This militantly pro-Hindu stance has wide resonance, especially in divided north India, where radicalisation among Hindus has deep roots, as these tweets from a surgeon and a police officer indicate:
Such reactions over divisive issues, the BJP believes—and not just the BJP, a nervous, ideologically bankrupt Congress now promises its voters cow shelters—pays electoral dividends. That is why the BJP used the supreme court’s order allowing women of menstruating age to enter Sabarimala as an opportunity to get a foothold in a state that has consistently rejected the party. “Everyone followed the agenda we had put forward,” Kerala BJP chief PS Sreedharan Pillai was heard saying in a leaked audio. “One after another, everyone exited the scene after surrendering before us.”
There is little doubt that the BJP and its chief campaigner, Narendra Modi, are unlikely to repeat the electoral sweep of 2014. While Modi remains the leading choice for prime minister, his aura has considerably dimmed and the party’s vote shares appear to be falling.
The BJP’s dimming electoral prospects are linked to a stuttering economy, joblessness, overblown promises—a Modi lookalike has joined the Congress, saying people who once loved him are now abusing him, asking where are Achhe Din, or good times, the ruling party’s 2014 slogan—and the crippling blow struck two years ago by demonetisation.
Demonetisation is a particular example of the willingness that Modi and his party have shown to act against national interests. Despite the advice of the Reserve Bank of India that “black money” and counterfeit notes were no justification for demonetisation—the central bank’s directors, however, said the move was “commendable,” as the Indian Express reported this week—Modi used exactly those words to justify his step into anarchy. Hailed by his supporters, including eminent economists, as a masterstroke, demonetisation crippled the economy, led to a few hundred deaths, and threw millions of people out of work, especially in the informal sector and on farms. Many of those jobs never returned.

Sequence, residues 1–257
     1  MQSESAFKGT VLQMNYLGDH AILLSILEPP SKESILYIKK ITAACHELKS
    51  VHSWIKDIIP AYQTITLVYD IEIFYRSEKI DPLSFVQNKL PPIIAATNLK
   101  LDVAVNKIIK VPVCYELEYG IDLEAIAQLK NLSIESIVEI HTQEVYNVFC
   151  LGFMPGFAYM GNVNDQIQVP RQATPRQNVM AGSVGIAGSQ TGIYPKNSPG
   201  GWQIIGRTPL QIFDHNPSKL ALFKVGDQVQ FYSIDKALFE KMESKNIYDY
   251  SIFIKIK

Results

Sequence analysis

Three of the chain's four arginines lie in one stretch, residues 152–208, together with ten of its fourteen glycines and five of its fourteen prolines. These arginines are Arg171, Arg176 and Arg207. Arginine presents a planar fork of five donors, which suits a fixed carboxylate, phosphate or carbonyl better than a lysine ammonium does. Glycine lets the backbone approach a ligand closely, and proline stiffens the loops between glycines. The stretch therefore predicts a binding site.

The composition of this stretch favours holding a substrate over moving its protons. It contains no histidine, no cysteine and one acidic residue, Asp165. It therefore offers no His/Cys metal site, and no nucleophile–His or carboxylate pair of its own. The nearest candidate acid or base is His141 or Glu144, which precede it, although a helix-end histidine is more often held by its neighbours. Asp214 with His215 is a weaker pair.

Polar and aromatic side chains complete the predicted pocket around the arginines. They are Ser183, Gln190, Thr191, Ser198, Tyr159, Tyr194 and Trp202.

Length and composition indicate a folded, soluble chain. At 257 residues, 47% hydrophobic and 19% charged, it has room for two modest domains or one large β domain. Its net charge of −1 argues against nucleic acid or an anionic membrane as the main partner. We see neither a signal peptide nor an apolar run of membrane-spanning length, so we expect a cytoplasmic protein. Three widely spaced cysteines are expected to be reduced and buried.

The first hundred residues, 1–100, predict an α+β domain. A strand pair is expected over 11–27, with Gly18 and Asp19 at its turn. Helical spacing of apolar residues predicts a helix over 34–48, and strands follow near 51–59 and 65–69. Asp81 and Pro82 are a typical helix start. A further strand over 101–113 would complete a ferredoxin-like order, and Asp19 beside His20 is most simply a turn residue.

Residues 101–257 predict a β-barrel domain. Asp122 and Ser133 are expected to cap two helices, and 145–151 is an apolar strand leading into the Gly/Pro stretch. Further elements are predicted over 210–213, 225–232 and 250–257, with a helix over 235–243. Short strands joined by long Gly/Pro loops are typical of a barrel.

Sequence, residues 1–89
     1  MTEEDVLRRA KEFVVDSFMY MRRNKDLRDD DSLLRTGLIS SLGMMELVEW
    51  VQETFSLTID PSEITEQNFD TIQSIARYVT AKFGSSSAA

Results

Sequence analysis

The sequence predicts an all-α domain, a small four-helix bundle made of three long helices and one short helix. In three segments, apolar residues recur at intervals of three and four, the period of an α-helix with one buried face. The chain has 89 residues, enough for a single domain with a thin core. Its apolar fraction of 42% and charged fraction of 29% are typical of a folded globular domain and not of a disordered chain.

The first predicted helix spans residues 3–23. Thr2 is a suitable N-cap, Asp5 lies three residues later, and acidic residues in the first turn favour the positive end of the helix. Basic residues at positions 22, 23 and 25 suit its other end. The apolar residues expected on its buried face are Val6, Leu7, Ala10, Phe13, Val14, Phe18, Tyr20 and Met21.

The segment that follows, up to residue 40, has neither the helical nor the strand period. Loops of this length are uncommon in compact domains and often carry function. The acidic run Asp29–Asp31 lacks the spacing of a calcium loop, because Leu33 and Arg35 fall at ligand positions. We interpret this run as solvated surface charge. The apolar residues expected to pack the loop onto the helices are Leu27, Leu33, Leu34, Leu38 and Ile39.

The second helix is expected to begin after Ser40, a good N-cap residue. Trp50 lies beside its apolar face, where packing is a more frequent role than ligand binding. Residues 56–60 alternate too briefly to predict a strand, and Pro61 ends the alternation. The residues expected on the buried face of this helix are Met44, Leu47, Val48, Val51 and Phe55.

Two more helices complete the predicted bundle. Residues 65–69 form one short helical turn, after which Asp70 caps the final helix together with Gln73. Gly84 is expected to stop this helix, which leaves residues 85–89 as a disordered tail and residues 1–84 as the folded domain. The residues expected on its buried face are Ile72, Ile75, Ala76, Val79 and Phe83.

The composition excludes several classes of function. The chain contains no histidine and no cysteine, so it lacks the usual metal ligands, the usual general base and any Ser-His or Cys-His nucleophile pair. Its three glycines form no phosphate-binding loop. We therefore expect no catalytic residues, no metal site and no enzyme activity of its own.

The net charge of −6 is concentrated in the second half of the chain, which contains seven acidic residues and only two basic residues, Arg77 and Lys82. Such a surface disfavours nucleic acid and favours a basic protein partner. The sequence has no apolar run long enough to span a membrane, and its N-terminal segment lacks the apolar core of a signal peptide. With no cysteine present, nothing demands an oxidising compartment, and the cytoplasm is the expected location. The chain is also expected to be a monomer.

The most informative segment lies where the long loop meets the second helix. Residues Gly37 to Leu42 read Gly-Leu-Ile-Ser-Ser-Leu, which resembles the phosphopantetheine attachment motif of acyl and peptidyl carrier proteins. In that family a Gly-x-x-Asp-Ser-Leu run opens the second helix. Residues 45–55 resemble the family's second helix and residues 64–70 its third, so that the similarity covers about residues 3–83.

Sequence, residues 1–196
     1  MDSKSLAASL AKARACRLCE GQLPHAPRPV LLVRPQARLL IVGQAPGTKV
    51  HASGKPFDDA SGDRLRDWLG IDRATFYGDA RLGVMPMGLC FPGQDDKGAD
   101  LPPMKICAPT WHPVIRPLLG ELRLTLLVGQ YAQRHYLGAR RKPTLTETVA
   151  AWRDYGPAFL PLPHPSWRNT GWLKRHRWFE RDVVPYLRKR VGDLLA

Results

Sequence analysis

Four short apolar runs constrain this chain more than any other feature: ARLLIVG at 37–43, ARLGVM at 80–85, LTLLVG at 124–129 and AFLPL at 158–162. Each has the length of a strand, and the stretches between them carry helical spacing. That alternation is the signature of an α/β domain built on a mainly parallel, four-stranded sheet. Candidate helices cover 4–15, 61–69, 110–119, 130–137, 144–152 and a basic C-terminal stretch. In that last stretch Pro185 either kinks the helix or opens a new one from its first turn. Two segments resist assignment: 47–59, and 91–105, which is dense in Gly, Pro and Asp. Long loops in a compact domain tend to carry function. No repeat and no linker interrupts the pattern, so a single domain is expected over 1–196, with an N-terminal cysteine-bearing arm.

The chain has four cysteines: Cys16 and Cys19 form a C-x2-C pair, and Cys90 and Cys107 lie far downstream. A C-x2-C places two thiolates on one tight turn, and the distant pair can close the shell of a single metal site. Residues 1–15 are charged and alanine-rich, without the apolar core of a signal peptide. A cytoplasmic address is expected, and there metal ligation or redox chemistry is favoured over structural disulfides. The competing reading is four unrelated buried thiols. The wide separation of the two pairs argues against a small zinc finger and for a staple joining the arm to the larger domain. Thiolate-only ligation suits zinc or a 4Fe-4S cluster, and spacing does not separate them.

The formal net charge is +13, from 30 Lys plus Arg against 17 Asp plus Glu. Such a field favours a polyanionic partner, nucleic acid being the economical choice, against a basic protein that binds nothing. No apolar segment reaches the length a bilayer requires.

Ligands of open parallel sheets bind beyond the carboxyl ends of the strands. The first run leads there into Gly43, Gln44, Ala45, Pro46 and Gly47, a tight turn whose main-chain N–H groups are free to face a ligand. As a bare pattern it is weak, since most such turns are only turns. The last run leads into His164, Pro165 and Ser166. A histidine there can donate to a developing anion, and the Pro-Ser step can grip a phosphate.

So, Modi and the BJP have abandoned the promise of Sabka Saath, Sabka Vikas—solidarity with everyone, progress for everyone—and returned firmly to the issue that first brought them to national attention and power, from two Lok Sabha seats in 1984 to 282 in 2014: religion.
The dangers of playing with religious fire in India are apparent in Assam, one of the country’s most diverse states, where a tenuous peace has been disrupted by the BJP’s impossible promise to deport millions of illegal immigrants (which the Assamese enthusiastically believed) and its attempts to fast-track citizenship for non-Muslim immigrants (which the Assamese, as hostile to Bengalis or Bangladeshis, Hindu or not, virulently reject).
It isn’t clear if the BJP will succeed in its attempt to further cash in its dividend of divisiveness, communalise politics, and whip up Hindu sentiments, which appear to be subject to the law of diminishing returns. The desire for peace is strong and in a nation beset with problems greater than Muslim-sounding names of ramshackle towns and cities, there are greater concerns.
What is clear is that by bringing short-term Hindu interests to the forefront of public discourse and the electoral race for 2019, the BJP risks tearing apart India’s syncretic fabric and, in so doing, the national interests of the ancient country whose glories its leaders claim to celebrate.